Afghanistan


Very interesting report by Channel 4 News on Nato creating “private army” militias in Afghanistan.

“This place is run by people in the drugs trade, armed with weapons and backed by foreign countries,” says one Afghan woman.

See “exclusive pictures of America’s newest allies” here: Nato turns to militias in Afghanistan battle

What an irresistible headline!

Source: A Bush in sheep’s clothing (www.voltairenet.org)
4 June 2009

A reaction by Ali Abunimah, co-founder of The Electronic Intifada, to Barak Obama’s June 4 speech in Cairo addressing the Muslim world: “Obama’s speech shows little real change. In most regards his analysis maintains flawed American policies.”

Once you strip away the mujamalat – the courtesies exchanged between guest and host – the substance of President Obama’s speech in Cairo indicates there is likely to be little real change in US policy. It is not necessary to divine Obama’s intentions – he may be utterly sincere and I believe he is. It is his analysis and prescriptions that in most regards maintain flawed American policies intact.

Though he pledged to “speak the truth as best I can”, there was much the president left out. He spoke of tension between “America and Islam” – the former a concrete specific place, the latter a vague construct subsuming peoples, practices, histories and countries more varied than similar.

Labelling America’s “other” as a nebulous and all-encompassing “Islam” (even while professing rapprochement and respect) is a way to avoid acknowledging what does in fact unite and mobilise people across many Muslim-majority countries: overwhelming popular opposition to increasingly intrusive and violent American military, political and economic interventions in many of those countries. This opposition – and the resistance it generates – has now become for supporters of those interventions, synonymous with “Islam”.

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“If we don’t believe in freedom of expression for
people we despise, we don’t believe in it at all.”
— Noam Chomsky

Here’s an article by Henry Makow, thought-provoking as always.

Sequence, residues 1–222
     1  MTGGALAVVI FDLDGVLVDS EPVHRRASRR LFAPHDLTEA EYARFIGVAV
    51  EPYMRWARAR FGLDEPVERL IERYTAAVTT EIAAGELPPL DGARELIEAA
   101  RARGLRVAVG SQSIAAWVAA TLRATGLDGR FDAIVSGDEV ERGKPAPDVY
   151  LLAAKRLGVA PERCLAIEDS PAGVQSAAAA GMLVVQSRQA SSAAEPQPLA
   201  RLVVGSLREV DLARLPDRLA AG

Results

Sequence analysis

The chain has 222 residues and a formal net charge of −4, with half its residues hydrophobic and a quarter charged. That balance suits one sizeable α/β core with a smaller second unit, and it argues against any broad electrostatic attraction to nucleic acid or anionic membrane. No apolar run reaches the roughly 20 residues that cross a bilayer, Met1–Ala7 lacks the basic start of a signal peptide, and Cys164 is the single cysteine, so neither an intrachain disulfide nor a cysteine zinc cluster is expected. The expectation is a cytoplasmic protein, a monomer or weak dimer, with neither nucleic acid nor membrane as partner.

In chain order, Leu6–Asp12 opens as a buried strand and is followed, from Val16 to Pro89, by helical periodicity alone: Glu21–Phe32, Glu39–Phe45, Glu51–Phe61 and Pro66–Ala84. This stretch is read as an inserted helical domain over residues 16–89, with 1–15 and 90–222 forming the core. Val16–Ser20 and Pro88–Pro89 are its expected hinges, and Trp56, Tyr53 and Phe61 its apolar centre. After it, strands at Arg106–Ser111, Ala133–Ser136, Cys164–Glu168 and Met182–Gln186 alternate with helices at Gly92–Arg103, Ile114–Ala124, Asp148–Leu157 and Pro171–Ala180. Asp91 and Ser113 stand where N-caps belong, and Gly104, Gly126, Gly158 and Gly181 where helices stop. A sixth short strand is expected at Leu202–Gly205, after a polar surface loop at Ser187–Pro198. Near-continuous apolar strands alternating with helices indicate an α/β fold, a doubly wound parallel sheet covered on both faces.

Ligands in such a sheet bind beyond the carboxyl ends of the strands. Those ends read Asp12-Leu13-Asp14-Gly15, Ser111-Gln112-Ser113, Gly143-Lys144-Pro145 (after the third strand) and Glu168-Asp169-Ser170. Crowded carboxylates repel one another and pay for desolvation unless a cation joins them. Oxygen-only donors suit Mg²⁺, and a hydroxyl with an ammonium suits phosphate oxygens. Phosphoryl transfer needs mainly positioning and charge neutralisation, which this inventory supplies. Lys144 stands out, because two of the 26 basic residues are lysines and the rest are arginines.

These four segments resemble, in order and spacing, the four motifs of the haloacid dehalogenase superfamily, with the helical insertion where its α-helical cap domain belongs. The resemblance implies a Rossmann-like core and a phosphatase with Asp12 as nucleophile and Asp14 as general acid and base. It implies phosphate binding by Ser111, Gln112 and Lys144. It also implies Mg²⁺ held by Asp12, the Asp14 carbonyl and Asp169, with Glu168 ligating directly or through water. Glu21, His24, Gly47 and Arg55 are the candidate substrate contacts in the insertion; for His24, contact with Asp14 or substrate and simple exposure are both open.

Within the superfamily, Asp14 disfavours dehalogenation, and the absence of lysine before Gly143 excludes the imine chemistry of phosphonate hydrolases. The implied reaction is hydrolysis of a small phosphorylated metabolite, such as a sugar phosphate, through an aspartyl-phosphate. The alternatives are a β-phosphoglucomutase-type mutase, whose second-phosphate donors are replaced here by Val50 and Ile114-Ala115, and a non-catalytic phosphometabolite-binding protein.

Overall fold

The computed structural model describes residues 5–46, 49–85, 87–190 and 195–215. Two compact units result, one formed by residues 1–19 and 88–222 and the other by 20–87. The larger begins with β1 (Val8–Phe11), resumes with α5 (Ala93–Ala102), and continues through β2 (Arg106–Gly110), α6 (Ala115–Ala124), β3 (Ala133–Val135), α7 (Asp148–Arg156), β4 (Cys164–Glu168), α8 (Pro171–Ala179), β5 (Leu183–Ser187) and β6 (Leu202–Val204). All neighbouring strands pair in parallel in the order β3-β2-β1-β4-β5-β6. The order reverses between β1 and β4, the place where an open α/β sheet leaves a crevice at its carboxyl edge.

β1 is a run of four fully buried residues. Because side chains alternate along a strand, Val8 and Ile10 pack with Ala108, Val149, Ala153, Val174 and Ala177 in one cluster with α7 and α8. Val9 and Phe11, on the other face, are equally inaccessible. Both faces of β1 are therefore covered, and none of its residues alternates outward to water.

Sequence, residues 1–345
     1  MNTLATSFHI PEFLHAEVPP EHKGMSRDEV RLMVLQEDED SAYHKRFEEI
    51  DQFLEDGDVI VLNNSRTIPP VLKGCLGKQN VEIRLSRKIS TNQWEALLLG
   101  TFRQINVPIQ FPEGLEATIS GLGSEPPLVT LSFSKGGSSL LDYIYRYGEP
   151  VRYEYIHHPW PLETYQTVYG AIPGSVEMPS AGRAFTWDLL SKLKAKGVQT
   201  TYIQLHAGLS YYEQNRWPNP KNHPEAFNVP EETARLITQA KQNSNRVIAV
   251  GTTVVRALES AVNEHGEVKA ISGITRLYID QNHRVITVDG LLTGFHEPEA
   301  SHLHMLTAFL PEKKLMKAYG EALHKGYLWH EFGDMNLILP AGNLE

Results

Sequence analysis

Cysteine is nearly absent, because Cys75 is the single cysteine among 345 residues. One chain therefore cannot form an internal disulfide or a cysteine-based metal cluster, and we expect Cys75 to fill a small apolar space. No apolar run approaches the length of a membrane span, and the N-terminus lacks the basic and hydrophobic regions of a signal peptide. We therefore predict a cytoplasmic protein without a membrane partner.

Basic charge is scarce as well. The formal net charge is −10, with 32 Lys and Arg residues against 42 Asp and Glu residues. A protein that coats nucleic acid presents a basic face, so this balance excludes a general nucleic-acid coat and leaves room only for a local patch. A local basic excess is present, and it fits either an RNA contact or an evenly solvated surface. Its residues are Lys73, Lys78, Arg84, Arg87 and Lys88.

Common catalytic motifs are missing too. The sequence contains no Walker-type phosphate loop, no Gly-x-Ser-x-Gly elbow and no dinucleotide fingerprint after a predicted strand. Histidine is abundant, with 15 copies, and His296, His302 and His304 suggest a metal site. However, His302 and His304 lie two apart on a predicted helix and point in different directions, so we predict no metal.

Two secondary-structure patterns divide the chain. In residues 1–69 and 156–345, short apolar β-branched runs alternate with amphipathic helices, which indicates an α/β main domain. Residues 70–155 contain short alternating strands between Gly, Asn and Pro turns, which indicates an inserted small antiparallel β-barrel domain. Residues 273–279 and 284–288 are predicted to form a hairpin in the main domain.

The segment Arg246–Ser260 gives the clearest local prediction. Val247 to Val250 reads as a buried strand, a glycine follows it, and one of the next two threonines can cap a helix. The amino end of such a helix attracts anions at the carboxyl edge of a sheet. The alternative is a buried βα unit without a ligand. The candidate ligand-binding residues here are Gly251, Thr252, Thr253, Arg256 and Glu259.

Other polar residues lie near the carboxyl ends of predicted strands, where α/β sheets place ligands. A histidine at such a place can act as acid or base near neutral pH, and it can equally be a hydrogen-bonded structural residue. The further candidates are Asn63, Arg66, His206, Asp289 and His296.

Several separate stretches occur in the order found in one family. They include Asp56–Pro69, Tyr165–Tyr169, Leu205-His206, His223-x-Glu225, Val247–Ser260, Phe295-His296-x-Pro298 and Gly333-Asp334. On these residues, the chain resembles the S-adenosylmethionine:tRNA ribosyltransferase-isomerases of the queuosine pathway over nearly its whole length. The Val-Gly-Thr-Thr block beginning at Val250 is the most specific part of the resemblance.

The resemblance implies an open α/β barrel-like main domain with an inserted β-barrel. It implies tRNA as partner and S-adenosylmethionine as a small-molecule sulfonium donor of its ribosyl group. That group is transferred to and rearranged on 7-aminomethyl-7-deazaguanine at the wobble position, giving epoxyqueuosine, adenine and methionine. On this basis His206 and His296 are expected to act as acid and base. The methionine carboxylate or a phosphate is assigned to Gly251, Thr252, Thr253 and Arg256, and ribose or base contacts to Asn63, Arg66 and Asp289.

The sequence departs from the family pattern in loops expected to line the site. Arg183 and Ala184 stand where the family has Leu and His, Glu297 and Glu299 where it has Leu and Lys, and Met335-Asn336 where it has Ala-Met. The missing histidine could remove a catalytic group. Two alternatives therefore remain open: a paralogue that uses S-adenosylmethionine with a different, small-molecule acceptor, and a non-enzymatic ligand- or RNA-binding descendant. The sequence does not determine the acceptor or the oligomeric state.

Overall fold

NATO Spooked by Afghan Laws Upholding Patriarchy

by Henry Makow Ph.D.
April 3, 2009

“women’s rights” has been a fig leaf for imperialism

Apart from drugs, oil and the need for perpetual war, Afghanistan is about bringing the blessings of Western feminism to women there. We are giving them the benefit of promiscuous sex, STD’s, abortion, unemployment, lesbianism, divorce and single motherhood.

However this bonanza is threatened by Hamid Karzai’s new laws which enshrine the Patriarchy. Accordingly, a woman cannot refuse sex for more than four days. Headlines in the West (where sex is mostly confined to random short-term encounters) are screaming “legalized rape!”

The laws also stipulate that women cannot seek work, education or even leave the house without their husband’s permission. The law grants custody of children to fathers and grandfathers.

Since the Afghan war is little understood, “women’s rights” has been a fig leaf for imperialism. So, Westerners are expressing consternation that Hamid Karzai is actually “worse than the Taliban.”

The gnashing of teeth is particularly acute in Canada which has invested $3 billion and more than 120 lives in the Afghan “mission.” (Another $750,000 is being spent in Canada to brainwash the locals i.e. “projects designed to engage young Muslims and non-Muslims in discussions about discrimination, violence and human rights.”)

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Fake Faith And Epic Crimes

By John Pilger

04 April, 2009
The New Statesman

These are extraordinary times. With the United States and Britain on the verge of bankruptcy and committing to an endless colonial war, pressure is building for their crimes to be prosecuted at a tribunal similar to that which tried the Nazis at Nuremberg. This defined rapacious invasion as “the supreme international crime differing only from other war crimes in that it contains within itself the accumulated evil of the whole.” International law would be mere farce, said the chief US chief prosecutor at Nuremberg, Supreme Court justice Robert Jackson, “if, in future, we do not apply its principles to ourselves.”

That is now happening. Spain, Germany, Belgium, France and Britain have long had “universal jurisdiction” statutes, which allow their national courts to pursue and prosecute prima facie war criminals. What has changed is an unspoken rule never to use international law against “ourselves,” or “our” allies or clients. In 1998, Spain, supported by France, Switzerland and Belgium, indicted the Chilean dictator Augusto Pinochet, client and executioner of the West, and sought his extradition from Britain, where he happened to be at the time. Had he been sent for trial he almost certainly would have implicated at least one British prime minister and two US presidents in crimes against humanity. Home Secretary Jack Straw let him escape back to Chile.

The Pinochet case was the ignition. On 19 January last, the George Washington University law professor Jonathan Turley compared the status of George W. Bush with that of Pinochet. “Outside [the United States] there is not the ambiguity about what to do about a war crime,” he said. “So if you try to travel, most people abroad are going to view you not as ‘former President George Bush’ [but] as a current war criminal.” For this reason, Bush’s former defence secretary Donald Rumsfeld, who demanded an invasion of Iraq in 2001 and personally approved torture techniques in Iraq and at Guantanamo Bay, no longer travels. Rumsfeld has twice been indicted for war crimes in Germany. On 26 January, the UN Special Rapporteur on Torture, Manfred Nowak, said, “We have clear evidence that Mr. Rumsfeld knew what he was doing but nevertheless he ordered torture.”